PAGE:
The nation lost 35,092 people in traffic crashes in 2015 — a sharp increase compared to the previous year, according to federal data.
The final data released on Monday by the National Highway Traffic Safety Administration (NHTSA) showed traffic deaths rising across nearly every segment of the population, with a total 7.2% increase in 2015 compared to 2014.
The last single-year increase of this magnitude was in 1966, when fatalities rose 8.1% from the previous year.
“Despite decades of safety improvements, far too many people are killed on our nation’s roads every year,” U.S. Transportation Secretary Anthony Foxx said. “Solving this problem will take teamwork, so we’re issuing a call to action and asking researchers, safety experts, data scientists, and the public to analyze the fatality data and help find ways to prevent these tragedies.”
Ten years ago, the number of traffic deaths was nearly 25% higher, with 42,708 fatalities reported nationwide in 2005. Since then, according to NHTSA, safety programs have helped lower the number of deaths by increasing seat belt use and reducing impaired driving. Vehicle improvements, including air bags and electronic stability control, have reportedly also contributed to reducing traffic fatalities.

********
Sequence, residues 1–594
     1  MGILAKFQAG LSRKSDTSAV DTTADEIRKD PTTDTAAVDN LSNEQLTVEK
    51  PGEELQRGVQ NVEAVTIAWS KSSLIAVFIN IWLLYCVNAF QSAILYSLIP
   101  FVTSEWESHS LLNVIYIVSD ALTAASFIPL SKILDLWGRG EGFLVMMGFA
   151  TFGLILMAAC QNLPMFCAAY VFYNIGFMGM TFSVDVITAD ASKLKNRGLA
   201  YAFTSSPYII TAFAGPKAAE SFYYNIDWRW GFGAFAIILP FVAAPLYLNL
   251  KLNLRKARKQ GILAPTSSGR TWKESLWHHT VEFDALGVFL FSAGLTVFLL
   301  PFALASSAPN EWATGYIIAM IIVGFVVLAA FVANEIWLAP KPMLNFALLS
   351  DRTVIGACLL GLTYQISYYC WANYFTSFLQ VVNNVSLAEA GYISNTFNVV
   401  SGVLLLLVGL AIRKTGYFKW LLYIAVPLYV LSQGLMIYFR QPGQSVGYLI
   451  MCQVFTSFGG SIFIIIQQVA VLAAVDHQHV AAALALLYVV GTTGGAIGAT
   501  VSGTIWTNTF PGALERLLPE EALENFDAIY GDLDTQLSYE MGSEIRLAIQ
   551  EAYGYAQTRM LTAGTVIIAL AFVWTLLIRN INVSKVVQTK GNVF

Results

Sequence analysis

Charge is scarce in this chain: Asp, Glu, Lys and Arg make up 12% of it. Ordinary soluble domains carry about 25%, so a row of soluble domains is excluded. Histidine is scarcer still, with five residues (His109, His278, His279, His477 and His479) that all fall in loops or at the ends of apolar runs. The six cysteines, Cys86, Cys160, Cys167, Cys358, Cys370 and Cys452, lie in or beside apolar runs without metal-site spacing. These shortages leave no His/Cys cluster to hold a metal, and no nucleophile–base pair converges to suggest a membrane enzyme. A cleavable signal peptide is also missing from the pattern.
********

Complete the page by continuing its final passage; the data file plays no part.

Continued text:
In response to the spike in deaths in 2015, the Department of Transportation, NHTSA, and the White House have called on a wide range of stakeholders to help determine the causes of the increase. NHTSA will share its Fatality Analysis Reporting System with safety partners, state and local officials, technologists, data scientists, and policy experts.
According to NHTSA, job growth and low fuel prices were two factors that led to increased driving, including increased leisure driving and driving by young people. More driving can contribute to higher fatality rates. In 2015, vehicle miles traveled increased 3.5% over 2014, the largest increase in nearly 25 years.
Pedestrian and pedalcyclist fatalities increased to a level not seen in 20 years. Motorcyclist deaths increased more than 8%.
NHTSA also noted that human factors continued to contribute to the majority of crashes. Almost half of the passenger vehicle occupants killed were not wearing seat belts. Also, research shows that almost one in three fatalities involved drunk drivers or speeding. Meanwhile, one in 10 fatalities involved distraction.
“The data tell us that people die when they drive drunk, distracted, or drowsy, or if they are speeding or unbuckled,” NHTSA Administrator Mark Rosekind said. “While there have been enormous improvements in many of these areas, we need to find new solutions to end traffic fatalities.”